After writing up the Use Cases, I went to the first ever Extreme Programming immersion that we did at Object Mentor and started hearing about some interesting things which I really wasn’t that aware of; Kent Beck’s book was recently out.
When I saw the demonstrations of what was called test first development at that time, now it’s called test-driven development of-course, maybe it’s even a follow on refinement of test-first development.
What I thought right there was kind of synthesis moment which was, "Wow! We can break dependencies on things that we don’t have." So, for instance, if we need to build some system, and it needs to interact with a hardware and we don’t have the hardware, we can still create the software and provide fakes, and stubs and mock objects and such to do the things that don’t yet exist.
And that was like a shock. It’s like, "Oh my gosh! I can hardly wait to get back to work on Monday and tell these guys how we’re going make this progress. And I got pretty excited and I got to coach my first Extreme Programming team. I think it might have been the first team that was ever coached by Object Mentor in Extreme Programming and I didn’t even know it yet but we were learning.
We had seen it done by the experts. I’d seen it done by the experts and started showing the team I was coaching over there. And it worked out really well for getting our ideas together and getting code that worked before we had the hardware. So, that was kind of how I got started with it.
You know, that is the big secret. I was telling Michael Feathers that I was thinking of writing this book and he kind of looked at me funny and he said: "James, why do you have to write that book because it’s just the same as any other software?" I said, "Oh yeah, it’s true except that the guys doing embedded won’t look at the books for Java programmers, for business applications. It’s not on their radar screens. It won’t mean anything to them.
19. I guess the point is: picking up your book again. What I do each day in and day out is embedded programming. I’m assuming that the language in this book will be oriented to that type of individual; it’s going to be easier for them to learn and grasp the concepts. So, here’s the book and I recommend what it offers: buy at least two, one for the home and one for business, right?
Or buy the electronic copy.
So in 2002, kind of getting back to your question about the influence on the industry and where the industry is going, I started doing talks in the embedded system conference on applying Agile to embedded software.
First, I wanted to see what was offered and nothing was and I was kind of shocked because these ideas seemed to fit a lot. So, I started doing talks and the initial reaction from the embedded systems attendees was: "You should not be here. This doesn’t have anything to do with us." But I had belief in my mission and I knew I was at least going to be right for some of them and so I continued and now I’ve been there nine times.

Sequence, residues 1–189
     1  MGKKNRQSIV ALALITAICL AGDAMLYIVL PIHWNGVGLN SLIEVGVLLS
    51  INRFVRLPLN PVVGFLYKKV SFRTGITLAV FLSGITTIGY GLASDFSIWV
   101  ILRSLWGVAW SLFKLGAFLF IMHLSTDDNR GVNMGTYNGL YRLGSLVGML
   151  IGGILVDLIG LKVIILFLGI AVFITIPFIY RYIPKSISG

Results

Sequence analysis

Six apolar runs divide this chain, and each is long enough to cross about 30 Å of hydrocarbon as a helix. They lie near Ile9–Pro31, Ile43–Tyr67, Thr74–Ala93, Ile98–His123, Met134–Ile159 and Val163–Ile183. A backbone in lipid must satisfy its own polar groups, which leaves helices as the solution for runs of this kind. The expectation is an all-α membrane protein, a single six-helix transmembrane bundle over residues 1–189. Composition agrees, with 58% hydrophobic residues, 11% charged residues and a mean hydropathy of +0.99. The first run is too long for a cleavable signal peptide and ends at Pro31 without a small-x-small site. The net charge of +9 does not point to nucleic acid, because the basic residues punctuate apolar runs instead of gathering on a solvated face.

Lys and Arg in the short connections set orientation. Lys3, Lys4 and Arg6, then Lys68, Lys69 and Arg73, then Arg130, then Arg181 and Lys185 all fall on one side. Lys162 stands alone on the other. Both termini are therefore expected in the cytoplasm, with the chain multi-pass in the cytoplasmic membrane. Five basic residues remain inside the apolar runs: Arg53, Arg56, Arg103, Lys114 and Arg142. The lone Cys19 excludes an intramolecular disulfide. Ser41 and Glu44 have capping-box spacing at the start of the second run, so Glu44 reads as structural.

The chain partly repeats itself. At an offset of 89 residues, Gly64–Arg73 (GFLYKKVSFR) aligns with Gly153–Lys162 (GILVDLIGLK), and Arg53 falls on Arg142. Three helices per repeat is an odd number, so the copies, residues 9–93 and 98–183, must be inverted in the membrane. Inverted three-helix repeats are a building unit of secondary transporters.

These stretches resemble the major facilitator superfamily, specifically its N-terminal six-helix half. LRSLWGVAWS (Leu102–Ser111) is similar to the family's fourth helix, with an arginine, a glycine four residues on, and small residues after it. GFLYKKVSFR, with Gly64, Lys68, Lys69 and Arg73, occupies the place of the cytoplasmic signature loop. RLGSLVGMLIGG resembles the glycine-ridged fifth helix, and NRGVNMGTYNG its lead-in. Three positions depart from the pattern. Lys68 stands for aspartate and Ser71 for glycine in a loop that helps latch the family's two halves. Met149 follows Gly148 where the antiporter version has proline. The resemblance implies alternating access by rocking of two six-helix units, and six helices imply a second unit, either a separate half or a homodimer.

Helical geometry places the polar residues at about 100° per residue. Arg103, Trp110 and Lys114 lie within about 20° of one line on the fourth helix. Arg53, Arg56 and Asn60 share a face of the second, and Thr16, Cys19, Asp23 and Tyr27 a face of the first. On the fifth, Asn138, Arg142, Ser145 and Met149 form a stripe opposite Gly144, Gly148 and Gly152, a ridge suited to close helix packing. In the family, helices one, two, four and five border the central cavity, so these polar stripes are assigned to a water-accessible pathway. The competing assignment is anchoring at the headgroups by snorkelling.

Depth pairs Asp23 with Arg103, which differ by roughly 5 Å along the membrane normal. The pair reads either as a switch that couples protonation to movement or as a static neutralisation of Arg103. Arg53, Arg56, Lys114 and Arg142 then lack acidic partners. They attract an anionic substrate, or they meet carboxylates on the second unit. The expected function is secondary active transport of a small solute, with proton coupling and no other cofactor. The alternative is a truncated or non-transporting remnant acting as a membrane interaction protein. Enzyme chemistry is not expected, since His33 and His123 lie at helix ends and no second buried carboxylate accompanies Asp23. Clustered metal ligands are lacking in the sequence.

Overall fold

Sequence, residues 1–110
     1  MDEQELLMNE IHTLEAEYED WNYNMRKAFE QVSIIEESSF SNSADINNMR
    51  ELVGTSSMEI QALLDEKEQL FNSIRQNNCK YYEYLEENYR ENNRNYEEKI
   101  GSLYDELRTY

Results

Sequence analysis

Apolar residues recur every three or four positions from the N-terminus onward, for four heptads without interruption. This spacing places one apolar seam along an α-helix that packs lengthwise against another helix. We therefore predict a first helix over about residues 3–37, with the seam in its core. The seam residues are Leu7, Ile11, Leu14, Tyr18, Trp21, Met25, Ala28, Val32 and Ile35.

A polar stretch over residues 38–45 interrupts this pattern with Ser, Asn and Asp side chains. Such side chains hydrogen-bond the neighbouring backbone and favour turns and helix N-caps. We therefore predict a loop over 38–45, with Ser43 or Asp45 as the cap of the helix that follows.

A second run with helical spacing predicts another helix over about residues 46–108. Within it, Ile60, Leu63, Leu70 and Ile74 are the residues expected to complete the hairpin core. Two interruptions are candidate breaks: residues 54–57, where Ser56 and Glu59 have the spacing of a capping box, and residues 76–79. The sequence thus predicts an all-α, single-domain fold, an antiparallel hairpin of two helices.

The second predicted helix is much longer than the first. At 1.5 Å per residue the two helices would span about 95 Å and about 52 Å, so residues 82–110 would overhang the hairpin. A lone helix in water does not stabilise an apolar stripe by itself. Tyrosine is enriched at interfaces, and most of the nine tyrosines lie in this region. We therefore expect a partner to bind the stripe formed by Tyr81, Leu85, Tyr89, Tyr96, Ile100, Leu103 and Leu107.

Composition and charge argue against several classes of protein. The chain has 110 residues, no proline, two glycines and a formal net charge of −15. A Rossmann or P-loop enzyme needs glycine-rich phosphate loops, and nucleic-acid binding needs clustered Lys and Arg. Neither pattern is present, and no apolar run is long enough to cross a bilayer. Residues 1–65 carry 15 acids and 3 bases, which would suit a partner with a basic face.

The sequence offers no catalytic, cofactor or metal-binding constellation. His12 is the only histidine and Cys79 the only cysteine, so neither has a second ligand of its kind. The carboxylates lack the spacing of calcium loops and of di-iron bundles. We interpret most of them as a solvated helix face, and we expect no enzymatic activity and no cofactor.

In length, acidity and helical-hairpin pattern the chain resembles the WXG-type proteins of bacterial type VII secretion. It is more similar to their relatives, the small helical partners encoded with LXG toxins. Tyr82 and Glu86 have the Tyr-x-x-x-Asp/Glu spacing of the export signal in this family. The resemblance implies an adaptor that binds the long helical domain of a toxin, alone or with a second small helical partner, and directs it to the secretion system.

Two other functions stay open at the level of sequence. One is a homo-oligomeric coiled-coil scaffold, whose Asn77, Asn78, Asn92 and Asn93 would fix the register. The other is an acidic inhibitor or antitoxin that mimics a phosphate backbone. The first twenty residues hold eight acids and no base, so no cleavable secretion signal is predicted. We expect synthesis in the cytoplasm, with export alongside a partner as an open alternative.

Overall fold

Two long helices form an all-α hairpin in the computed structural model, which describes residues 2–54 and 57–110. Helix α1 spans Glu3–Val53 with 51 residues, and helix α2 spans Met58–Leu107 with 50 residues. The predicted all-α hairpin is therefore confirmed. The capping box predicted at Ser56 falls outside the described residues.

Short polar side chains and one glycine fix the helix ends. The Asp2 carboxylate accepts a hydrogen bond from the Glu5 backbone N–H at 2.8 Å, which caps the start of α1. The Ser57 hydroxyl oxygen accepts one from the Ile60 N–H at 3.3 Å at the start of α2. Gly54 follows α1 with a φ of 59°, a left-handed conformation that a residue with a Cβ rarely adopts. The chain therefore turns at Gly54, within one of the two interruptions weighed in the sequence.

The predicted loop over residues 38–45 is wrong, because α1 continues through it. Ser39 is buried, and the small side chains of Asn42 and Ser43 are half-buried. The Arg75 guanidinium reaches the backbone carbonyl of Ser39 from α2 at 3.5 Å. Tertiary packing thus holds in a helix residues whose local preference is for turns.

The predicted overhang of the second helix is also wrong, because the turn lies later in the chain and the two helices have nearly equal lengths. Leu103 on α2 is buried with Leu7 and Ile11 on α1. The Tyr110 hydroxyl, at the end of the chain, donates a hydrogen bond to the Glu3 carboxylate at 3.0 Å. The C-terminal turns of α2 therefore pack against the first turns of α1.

Yes, they let me come back and refined my mission and I’ve refined my way of explaining it to people doing embedded such that people tell me the book is pretty good.
22. So in kind of a wrap-up then, some of the common themes I’ve heard is looking for the commonality and the focus on people. So, I knew we looked at a few different topic areas; manifesto itself, we looked at different ways of estimating and it’s a way of collaborating coming to common decisions. We looked at developing software for embedded system which we see to some extent is the same as developing software for non-embedded systems.
Yes, it’s true. The language is often different and I don’t mean just the programming language but the way the people communicate with each other is essentially different because they are talking about different things: devices, and registers and clocks and things where business people are talking about databases and GUI’s.
There’s a whole, like different world but there’s so much that can be learned between the different groups and this was kind of one of another lucky thing about my career was probably starting in embedded and being able to work with Bob Martin and seeing a lot of things that weren’t embedded as well and then kind of being able to bring those really kind of mainstream or state-of -the-art software development ideas from object-oriented and extreme programming and such to the embedded world. Without that it’s harder for them to discover not that no one does, some do. But I’m trying to make it more accessible.
You’re too kind.